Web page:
As you read down the occupations listed there are no great surprises, with white collar jobs showing much higher rates of working at home. I’ve classified the occupations into four different bands of working at home rates based on conditions in locked-down Sydney and Melbourne. I’ll re-use these groupings for other cities shortly.
Many of these occupations had high public transport mode shares in 2016 (at least for Greater Melbourne), which is consistent with the dramatic drops in public transport volumes and mode share:
Many of the occupations with high public transport mode share in 2016 had high rates of working at home in 2021 (top right quadrant of the chart).
How do locked down cities compare to COVID-free Perth in 2021? The following chart includes Sydney and Perth for comparison purposes:
The occupations with relatively higher rates of working at home in Perth 2021 were fairly similar to those in Sydney, just at a much smaller scale (about four times). Occupations with much lower working at home rates in Perth than Sydney include education workers (schools and universities were not running remotely in Perth). Arts and media professionals topped working from home in Perth – but this occupation group also had relatively high rates of working at home in 2016. Other occupations with high levels of working from home in Perth were famers and farm managers (for obvious reasons) and ICT professionals (likely very adaptable to working remotely).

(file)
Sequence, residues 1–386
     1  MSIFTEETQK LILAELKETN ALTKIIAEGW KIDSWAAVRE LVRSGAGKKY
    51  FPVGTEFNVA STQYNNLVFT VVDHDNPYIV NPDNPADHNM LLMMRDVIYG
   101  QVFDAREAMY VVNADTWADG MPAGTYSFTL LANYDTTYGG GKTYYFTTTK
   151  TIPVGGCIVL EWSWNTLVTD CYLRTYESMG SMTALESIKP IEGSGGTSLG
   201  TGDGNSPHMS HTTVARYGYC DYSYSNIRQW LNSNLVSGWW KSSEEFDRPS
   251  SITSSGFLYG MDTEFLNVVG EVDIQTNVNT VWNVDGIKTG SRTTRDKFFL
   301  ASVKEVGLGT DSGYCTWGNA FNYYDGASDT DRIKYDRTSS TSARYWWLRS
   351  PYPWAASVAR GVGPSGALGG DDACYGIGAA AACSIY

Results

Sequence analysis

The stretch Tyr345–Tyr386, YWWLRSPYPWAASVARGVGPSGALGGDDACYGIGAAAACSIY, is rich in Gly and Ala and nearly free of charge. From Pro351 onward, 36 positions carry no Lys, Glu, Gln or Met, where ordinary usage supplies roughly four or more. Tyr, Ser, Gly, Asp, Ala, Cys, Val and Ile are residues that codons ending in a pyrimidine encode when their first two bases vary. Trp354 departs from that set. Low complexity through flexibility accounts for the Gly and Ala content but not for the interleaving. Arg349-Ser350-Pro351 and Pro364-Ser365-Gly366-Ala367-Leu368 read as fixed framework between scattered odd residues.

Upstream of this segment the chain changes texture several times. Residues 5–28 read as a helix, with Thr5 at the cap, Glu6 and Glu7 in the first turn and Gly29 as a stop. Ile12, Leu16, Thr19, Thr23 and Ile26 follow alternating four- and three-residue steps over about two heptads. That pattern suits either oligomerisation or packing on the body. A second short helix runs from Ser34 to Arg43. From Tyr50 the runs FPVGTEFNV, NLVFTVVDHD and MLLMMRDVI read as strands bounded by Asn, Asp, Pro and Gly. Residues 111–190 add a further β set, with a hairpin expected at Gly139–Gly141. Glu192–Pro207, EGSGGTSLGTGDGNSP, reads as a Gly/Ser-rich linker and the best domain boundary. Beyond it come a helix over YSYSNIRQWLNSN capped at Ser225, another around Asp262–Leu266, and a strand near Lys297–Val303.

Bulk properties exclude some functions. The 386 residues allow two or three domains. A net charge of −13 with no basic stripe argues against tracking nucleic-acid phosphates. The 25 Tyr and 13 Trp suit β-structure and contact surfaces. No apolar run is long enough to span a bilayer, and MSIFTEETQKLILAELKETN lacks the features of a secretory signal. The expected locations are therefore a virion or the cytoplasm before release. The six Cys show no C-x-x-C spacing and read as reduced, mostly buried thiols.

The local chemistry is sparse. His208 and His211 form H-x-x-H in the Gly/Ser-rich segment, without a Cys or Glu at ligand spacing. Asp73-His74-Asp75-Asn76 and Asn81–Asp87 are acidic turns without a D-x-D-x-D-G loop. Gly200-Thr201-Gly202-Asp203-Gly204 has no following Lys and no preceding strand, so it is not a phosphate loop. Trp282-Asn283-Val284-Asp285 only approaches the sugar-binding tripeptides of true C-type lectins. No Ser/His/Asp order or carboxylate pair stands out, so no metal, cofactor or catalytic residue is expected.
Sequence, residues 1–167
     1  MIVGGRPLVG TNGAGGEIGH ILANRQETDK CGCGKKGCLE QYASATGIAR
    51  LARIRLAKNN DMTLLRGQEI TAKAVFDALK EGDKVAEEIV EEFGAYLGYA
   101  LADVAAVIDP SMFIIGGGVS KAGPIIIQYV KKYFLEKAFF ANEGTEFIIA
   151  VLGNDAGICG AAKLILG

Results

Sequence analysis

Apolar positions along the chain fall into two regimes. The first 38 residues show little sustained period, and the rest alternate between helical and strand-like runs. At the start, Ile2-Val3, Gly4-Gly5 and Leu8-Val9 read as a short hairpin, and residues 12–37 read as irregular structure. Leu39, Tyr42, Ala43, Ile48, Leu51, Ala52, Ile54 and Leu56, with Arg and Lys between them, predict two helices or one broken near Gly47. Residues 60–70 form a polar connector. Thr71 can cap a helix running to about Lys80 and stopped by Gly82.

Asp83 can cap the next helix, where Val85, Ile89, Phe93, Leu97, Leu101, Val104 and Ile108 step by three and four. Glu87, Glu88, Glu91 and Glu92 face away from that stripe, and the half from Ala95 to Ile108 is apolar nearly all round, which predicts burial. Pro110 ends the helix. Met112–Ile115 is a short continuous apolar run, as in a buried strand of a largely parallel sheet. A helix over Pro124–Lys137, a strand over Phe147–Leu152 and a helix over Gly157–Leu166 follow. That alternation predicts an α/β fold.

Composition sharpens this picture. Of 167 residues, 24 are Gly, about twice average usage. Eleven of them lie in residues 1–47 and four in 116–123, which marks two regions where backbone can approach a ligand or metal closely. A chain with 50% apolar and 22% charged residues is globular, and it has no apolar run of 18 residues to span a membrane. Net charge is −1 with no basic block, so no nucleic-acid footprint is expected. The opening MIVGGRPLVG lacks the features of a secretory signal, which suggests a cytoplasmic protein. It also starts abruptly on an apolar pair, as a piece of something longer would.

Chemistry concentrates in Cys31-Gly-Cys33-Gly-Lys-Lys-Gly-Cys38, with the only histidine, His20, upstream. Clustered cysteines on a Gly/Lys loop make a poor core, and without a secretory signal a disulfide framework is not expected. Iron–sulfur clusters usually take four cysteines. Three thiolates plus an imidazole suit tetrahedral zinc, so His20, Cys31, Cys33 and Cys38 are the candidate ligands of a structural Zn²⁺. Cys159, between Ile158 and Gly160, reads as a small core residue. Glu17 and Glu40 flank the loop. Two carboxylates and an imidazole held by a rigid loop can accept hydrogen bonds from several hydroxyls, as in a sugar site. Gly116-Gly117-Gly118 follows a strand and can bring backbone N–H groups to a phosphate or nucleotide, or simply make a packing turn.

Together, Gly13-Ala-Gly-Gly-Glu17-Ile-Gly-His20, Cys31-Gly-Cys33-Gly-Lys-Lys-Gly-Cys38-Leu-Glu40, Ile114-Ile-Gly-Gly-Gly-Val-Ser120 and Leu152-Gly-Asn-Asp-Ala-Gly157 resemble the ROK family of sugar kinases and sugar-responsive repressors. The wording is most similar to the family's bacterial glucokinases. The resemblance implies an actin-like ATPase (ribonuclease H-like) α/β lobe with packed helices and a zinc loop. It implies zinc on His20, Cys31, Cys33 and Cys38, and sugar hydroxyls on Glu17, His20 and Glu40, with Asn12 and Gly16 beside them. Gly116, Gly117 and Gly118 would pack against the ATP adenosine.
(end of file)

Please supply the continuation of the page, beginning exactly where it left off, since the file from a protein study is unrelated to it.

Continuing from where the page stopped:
The following chart again compares 2021 working from home mode shares with 2016 public transport mode shares, but this time for Perth:
The same white-collar jobs appear in the top-right of the chart, suggesting a significant mode shift from public transport to working at home.
Here’s a look at public transport and worked-at-home mode shifts by occupation across the six big cities:
You can clearly see the relationship between public transport and home-working mode shifts, particularly for Sydney, Melbourne, and Brisbane. The relationships is very roughly that the working at home mode shift was around double the public transport mode shift. However the relationship is a little less clear in Adelaide, Perth, and Canberra.
I think this tells us that occupations that had high rates of public transport use in pre-pandemic times are mostly the same occupations that are highly amenable to working remotely. And of course these occupations have concentrations of workers in CBDs (hence the high use of public transport). To the extent that employers facilitate ongoing working from home, there will likely be a reduction in public transport commuter volumes. From a congestion and emissions point of view, that’s undoubtedly a good thing. There are of course also arguments about the agglomeration benefits of workers being physically in the same place.